Medieval Belgium

Brussels was all shiny and wide-boulevard-ed like the European capital it was built to be, but small-town Belgium is very different. Much more like small-town Germany, in fact: very medieval. I spent a day each in Gent and Bruges, looking at pretty old buildings (though most of them in Gent are reconstructions), climbing far too many stairs to reach the top of belfries, and watching lace be made.

Gent

Gent is not exactly a tourist destination, except during its annual music festival. The town history explanations in the belfry, for instance, are only in Flemish. (Yes, German speakers can decipher Flemish with sufficient effort. But I didn’t want to give myself a headache in the morning.) So I took a tour, which mostly focused on old buildings, plus the occasional off-beat sight (check out a grafitti lane and the Design Museum toilets in the photo gallery below). I learned that Gent was once the second-largest city in Europe (in the 13th century, that is) because of its textile industry. I also made a friend from Mexico. (Credit for any photos with me in them goes to Nora!) At our guide’s suggestion, we went to the House of Alijn museum, which offers glimpses of life in past centuries and decades. It was kitschy but cute, though I thought there was too little about past centuries and too much about the different decades of the 20th century.

Gent had two highlights for me other than the views. One was Quetzal, a chocolate bar near the university that is decidedly not for tourists. (Sign of this: no English menu.) They don’t do fancy pralines, just chocolate. Pure melted chocolate at the darkness level of your choice, mixed with milk and spices. (I had super-dark chocolate with chili.) Fondue with bread or fruit. Brownies. Pieces of chocolate. I had all of the above. It was amazing. The other highlight was my lovely Couchsurfing host, Nadia. She took me to a salsa club and ensured that some of the leads she knew there danced with me! It’s been a long time since I danced salsa, and she showed me up because she was amazing. But I had fun anyway, even though my legs were tired from all that stair-climbing.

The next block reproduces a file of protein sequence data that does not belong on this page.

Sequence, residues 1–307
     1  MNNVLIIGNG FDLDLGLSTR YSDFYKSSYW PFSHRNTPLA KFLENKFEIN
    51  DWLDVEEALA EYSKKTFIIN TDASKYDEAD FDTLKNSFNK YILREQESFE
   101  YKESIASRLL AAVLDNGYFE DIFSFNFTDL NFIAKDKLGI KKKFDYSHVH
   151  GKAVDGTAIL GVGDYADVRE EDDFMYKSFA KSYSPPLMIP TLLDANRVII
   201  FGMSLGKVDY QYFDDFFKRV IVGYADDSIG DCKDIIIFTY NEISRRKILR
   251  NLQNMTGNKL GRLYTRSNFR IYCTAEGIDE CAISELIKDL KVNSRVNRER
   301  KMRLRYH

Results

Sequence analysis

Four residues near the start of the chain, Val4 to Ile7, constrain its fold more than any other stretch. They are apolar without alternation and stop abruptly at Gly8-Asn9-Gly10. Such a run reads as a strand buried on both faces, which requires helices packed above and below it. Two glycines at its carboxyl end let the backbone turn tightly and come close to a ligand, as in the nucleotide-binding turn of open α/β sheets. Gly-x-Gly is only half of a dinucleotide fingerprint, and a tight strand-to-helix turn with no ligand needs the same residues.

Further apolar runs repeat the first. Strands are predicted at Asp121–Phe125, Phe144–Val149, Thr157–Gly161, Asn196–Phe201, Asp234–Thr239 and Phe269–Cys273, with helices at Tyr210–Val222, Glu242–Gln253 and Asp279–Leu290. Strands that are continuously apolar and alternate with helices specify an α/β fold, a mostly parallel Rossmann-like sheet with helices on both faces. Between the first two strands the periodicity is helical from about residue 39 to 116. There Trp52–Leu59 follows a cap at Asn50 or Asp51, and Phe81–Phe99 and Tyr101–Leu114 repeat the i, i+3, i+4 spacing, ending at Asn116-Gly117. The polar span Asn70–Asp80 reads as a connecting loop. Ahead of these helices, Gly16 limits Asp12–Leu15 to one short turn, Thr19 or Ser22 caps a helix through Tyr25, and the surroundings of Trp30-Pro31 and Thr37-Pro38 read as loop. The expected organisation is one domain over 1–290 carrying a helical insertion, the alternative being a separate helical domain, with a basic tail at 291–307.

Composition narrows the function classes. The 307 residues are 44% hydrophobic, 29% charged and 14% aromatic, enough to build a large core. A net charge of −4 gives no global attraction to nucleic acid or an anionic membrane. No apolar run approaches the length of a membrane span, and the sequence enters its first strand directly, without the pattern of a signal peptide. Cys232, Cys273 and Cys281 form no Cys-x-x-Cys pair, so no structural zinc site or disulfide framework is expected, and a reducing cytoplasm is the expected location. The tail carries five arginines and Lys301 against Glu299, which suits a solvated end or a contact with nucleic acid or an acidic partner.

Chocolate with a side of chocolate at Quetzal
Chocolate with a side of chocolate at Quetzal

Bruges

Bruges is overrun with tourists, even this early in the season. But it’s understandable, because the city is just so gorgeous.

My favorite stop in Bruges was the Kantzentrum, or Lace Center. I knew there were lace-making demonstrations, but I expected something very commercial and tourist-y. Instead, it was a bunch of really old Belgian ladies (and one old Belgian man) chatting as their fingers flew through the motions of making lace (mostly bobbin lace, though a few were embroidering needlework lace). It really gave me an appreciation for how impractical handmade lace is and why it was such a luxury commodity—in the ten minutes that I watched, even the fastest lace-makers didn’t add noticeable length to their pieces. The museum exhibit was small, but I learned a lot about what distinguishes different types of lace.

Antwerp

I didn’t actually go to Antwerp; it was on my original travel plans, but it turned out to be logistically unworkable. But I did transfer trains there, and I’ve been told the train station is one of the prettiest buildings in town. So I took some pictures.

My train from Antwerp (running late, like every train I have caught in Belgium) took me across the border into the Netherlands, where I am now settled into a cozy home in the Hague with my Coushsurfing host and her two cats. Photos of Holland (and probably also the cats) will follow.

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